“As Guyanese we should strive to understand this festival (Phagwah) better and share in the joys of love, the triumph of good over evil, without injuring anyone; just loving and caring for each other…This is a festival that has been celebrated for over 178 years and I am very happy to see that it is being continued and extended to other sections of the country. People, regardless of race, are celebrating. My message is to have fun, celebrate this festival and have respect for each other.”
Those were the words of President David Granger as he called on the nation to practice the camaraderie and unity displayed during the Phagwah festival every day.
He was yesterday (March 23) participating in the annual celebrations hosted by the Indian High commission in Guyana, on the lawns of the Indian Cultural Centre, Bel Air, Georgetown.
While Holi or Phagwah, as it is commonly known has its origins in the Hindu religion, President Granger said it has become a Guyanese celebration which persons from every religion and race enjoy. To this end, he urged that this togetherness be extended beyond the day of celebration and becomes a way of life in Guyana.
Meantime, speaking on behalf of the Opposition Leader, former Attorney General, Anil Nandlall said every Guyanese should live by the message of Phagwah.
“It is not just a Hindu festival, it is a national festival. I ask that we reflect on the significance and message of Phagwah. It is the festival of love, hard work and good over evil. It is our duty to ensure that there are lots more of Prahlads. If we are able to capture Prahlad’s life and accomplishment then I believe we will be on a good path and take our country forward,” Mr. Nandlall said.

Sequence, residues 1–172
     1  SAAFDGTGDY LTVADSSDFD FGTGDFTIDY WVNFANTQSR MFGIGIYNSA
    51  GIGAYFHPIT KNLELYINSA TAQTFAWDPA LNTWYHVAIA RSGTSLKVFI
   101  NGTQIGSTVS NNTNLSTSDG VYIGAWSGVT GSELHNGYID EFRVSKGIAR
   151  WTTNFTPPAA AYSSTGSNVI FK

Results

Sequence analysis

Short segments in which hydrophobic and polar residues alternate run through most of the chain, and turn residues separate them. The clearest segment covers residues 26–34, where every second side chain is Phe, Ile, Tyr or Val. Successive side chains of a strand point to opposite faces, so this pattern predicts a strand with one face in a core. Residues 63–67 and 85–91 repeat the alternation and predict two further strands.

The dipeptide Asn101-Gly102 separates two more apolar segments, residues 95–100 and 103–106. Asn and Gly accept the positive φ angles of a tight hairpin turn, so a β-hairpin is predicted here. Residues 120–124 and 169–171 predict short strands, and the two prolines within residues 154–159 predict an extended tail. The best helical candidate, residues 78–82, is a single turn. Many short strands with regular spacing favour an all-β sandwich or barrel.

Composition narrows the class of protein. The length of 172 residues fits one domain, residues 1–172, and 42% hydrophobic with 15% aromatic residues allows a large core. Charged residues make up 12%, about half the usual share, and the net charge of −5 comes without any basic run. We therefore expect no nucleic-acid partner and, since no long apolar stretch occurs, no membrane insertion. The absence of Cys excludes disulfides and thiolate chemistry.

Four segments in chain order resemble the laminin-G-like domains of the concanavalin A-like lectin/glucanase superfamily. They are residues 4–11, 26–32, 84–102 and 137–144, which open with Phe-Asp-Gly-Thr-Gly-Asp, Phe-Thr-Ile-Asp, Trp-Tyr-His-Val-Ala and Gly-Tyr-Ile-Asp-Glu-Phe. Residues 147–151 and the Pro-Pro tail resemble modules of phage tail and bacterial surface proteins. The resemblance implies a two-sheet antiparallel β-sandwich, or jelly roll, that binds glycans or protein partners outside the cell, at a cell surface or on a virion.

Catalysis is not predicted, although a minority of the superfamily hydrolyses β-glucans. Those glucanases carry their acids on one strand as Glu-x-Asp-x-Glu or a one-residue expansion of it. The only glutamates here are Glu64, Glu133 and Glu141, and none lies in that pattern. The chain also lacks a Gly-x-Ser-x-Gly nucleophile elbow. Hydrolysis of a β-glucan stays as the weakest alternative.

Indian High Commissioner to Guyana, Mr. Venkatachalam Mahalingam, in his remarks noted that this is not only the festival of colours, but one of love, unity and togetherness and marks the beginning of spring which signifies good harvest and agricultural yields.
In Hinduism, Holi is an annual festival celebrated on the day after the full moon in the Hindu month of Phalguna (early March). It celebrates spring, commemorates various events in Hindu mythology and is a time of disregarding social norms and indulging in general merrymaking.
The central ritual of Holi is the throwing and applying of colored water and powders on friends and family, which gives the holiday its common name “Festival of Colors.” This ritual is said to be based on the story of Krishna and Radha as well as on Krishna’s playful splashing of the maids with water, but most of all it celebrates the coming of spring with all its beautiful colors and vibrant life.